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Very sad news: RIP Joker


captain stone

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I've been wondering if this is indeed our beloved Joker here
patsies012-NVZS.jpg

State troopers tried to contain Patriots fans who crushed against a wire gate at Logan airport on Dec. 19, 1976. Stan Grossfeld / Globe File Photo


And is that the face of Tom E Curran between the Statie & the girl...?
 

1960Pats

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And is that the face of Tom E Curran between the Statie & the girl...?
At the time I felt the same way as the angry kid in the middle. The Pats were robbed and Ben Dreith came across as happy that he helped the Raiduhs. He was a fan of theirs.

And then, 25 years later, the Pats got revenge. Even though we all know that the call was correct it still brightens my day when a Raiduh player or fan whines about the tuck rule. And to make it even better, former Raiduh DB George Atkinson was on a Top 10 program and proudly claimed that their motto back then was if you ain't cheatin' you ain't tryin'.

And now the Pats have twice as many Lombardis as the Raiduhs and the Raiduhs been blowing chunks ever since. I'd say that the Pats have basically tucked it to them ever since.
 

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I urge all Pats fans in the vicinity of Ft. Logan National Cemetery to pay their respects to Ben Drieth, preferably with a full bladder
For starters. What a total sh*thead.

I think Madden knew he could count on Ben. Suddenly, in the last two minutes of an NFL playoff game, the ref decides it's ballet and Stabler flops down in desperation after ducking with a desperation throw.

Meanwhile, quarterbacks of that entire era are killed regularly with no call.

It's all bull sh*t. Two (2) Unsportsmanlike Conduct calls.

He was just doing whatever he could to take the game away from the Patriots and give it to the Frauders.

He was thinking he f*cked up by, although trying, allowing the Patriots to get that close to winning.

I never saw or heard of a bigger sports travesty.
 

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Put a real damper on what had been a fairly nice year up until then for me...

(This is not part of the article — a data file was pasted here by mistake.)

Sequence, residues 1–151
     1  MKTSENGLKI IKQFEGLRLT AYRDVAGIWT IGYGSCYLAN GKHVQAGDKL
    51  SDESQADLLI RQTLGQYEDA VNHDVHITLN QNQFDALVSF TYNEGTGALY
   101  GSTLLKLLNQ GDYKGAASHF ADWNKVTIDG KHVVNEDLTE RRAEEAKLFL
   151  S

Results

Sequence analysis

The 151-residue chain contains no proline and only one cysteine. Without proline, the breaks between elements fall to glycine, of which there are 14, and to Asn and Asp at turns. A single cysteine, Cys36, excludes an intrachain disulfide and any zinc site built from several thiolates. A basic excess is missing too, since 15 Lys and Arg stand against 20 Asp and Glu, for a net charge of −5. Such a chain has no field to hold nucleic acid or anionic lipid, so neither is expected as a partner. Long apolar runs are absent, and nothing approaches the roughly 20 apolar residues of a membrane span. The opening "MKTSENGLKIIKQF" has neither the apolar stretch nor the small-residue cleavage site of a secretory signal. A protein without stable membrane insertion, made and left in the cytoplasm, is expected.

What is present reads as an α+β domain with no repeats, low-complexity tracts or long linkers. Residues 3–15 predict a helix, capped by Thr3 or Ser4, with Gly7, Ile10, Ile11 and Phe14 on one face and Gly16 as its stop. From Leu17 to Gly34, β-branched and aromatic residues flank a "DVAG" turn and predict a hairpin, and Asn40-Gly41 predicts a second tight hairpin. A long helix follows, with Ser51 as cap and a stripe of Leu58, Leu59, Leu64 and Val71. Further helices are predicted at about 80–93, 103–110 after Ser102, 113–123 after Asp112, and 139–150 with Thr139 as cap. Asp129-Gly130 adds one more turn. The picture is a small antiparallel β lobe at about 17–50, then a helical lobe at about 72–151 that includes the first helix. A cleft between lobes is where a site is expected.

It ruined Christmas.

1976 was years in the making.

Granted, the Missing Rings Raiders had, after losing Super Bowl II, lost an amazing six AFL/AFC title games in eight years plus the Immaculate Reception, was loaded with future Hall of Famers and perennial Pro Bowlers, and did not lose to anyone else.

They had a very large national following going back to the AFL, and the world considered them 'due'.

But, despite all of Al Davis' many brilliant accomplishments, he led the charge for the biggest crybabying franchise in sports, with their fan base believing they should have won every Super Bowl played to that point.

And they were a ratings giant for NBC, who covered the game in Pasadena that year.

In contrast to the national media frenzy over the Orange Crush only the following year after Denver did nothing in their history, the Patriots making the playoffs was a very quickly and quietly mentioned tidbit in NFL coverage.

For us, myself anyway, as a young lad I saw and heard an unmatched tsunami of denigration and derision of the Patriots my whole young life, and I knew and saw that the outstanding players not only had nothing to do with the travails of ownership, they overcame being underpaid and having substandard facilities with character and pride.

Chuck Fairbanks was a genius. I said in 1974 that Jim Plunkett was just as capable of winning two Super Bowls as Bob Griese or anyone else, and I was proven right years later. Chuck sent him off to SF for a draft booty that put us on top, and made us competitive for many years even after he left. And if there's one person most responsible for the Patriots winning as they did throughout the 70's & 80's, it is Steve Grogan.

There was, in that era, one caveat for the Patriots: If they stayed healthy, they could beat anyone.